How I Was Wrong About Government Debt
By Bryan Caplan
When an individual owes three times his annual income, we think it questionable: Okay for recent home-buyers, but probably a bad idea. But when a government owes 300% of GDP in peacetime, we think it blatantly irresponsible. I’ve often been puzzled by the disparity. Why do so many freak out about U.S. government debt as soon as it exceeds 50% of GDP?
Only today, though, did I realize that these two private versus public debt figures are not comparable. The right comparison is government debt relative to annual tax revenue. By this correct measure, the U.S. is indeed in irresponsible territory. Take 2011: With government debt at 67.7% of GDP, and government revenue at 15.4% of GDP, the U.S. debt/income ratio was already about 440%.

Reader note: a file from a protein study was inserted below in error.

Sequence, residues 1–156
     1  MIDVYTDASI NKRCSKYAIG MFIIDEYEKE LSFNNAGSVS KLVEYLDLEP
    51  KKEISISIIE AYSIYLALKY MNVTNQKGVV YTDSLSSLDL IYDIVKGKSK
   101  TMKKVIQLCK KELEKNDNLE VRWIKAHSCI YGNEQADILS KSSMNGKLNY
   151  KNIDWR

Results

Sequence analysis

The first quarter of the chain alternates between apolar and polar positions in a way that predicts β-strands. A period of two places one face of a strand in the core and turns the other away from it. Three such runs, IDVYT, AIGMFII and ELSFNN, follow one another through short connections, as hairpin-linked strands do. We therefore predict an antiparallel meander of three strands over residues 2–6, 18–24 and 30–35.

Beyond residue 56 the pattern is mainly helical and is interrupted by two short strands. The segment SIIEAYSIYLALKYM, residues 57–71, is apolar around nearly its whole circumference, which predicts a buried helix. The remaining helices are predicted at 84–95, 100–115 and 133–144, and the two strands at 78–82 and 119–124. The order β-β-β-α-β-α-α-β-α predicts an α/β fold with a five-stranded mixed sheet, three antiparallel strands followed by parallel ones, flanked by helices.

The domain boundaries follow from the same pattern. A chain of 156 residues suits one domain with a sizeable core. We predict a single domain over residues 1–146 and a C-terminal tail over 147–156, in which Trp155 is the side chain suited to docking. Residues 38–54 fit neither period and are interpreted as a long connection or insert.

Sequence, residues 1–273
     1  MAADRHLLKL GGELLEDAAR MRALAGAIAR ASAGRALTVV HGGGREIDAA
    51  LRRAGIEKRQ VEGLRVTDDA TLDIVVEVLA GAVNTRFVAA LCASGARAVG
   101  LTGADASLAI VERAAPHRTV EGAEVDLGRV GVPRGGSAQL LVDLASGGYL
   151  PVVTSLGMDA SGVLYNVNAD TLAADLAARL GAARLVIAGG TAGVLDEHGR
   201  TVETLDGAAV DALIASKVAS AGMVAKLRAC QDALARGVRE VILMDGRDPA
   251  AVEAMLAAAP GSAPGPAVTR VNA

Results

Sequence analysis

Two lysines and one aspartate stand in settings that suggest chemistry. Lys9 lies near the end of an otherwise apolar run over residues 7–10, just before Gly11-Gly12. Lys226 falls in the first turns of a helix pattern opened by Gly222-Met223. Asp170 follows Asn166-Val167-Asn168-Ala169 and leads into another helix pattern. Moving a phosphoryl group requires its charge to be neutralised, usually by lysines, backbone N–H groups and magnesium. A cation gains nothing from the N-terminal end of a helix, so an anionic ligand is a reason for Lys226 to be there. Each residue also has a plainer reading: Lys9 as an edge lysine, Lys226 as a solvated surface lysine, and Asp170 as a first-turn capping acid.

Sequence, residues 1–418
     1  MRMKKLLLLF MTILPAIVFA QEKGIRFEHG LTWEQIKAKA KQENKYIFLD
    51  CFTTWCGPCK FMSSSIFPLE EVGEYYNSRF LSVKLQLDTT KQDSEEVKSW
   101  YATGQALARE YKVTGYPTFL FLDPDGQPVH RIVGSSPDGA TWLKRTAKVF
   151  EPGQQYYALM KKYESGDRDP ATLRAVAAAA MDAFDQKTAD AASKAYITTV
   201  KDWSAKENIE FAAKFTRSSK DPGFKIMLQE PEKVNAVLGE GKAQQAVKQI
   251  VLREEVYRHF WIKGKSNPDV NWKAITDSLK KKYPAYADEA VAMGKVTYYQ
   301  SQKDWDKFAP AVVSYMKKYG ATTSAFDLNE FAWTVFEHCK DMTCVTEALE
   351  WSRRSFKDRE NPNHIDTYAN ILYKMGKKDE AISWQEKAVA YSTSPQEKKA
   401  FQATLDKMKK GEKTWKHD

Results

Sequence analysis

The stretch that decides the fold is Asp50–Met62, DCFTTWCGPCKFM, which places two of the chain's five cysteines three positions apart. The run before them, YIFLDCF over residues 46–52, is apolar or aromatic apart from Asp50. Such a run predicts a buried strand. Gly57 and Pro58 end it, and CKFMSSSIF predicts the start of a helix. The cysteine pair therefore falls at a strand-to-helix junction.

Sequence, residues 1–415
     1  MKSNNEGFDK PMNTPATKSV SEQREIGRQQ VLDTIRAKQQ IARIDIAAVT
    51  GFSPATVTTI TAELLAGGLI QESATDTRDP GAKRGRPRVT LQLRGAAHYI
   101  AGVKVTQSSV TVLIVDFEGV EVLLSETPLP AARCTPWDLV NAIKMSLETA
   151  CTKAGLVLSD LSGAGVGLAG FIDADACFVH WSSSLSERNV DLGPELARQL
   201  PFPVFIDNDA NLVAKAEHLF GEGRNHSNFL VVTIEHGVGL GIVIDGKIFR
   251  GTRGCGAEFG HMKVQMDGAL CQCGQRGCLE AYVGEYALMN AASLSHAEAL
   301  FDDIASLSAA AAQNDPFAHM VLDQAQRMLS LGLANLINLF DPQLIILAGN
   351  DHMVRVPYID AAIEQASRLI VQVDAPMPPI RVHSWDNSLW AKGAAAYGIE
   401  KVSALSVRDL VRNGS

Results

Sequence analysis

Today Jeff Sachs wrote:
Yet the two parties just ran the most populist campaigns this side of a banana republic, and I do a grave disservice to banana republics these days to say so.
My initial reaction was to dismiss it as hyperbole. Now I’m actually worried.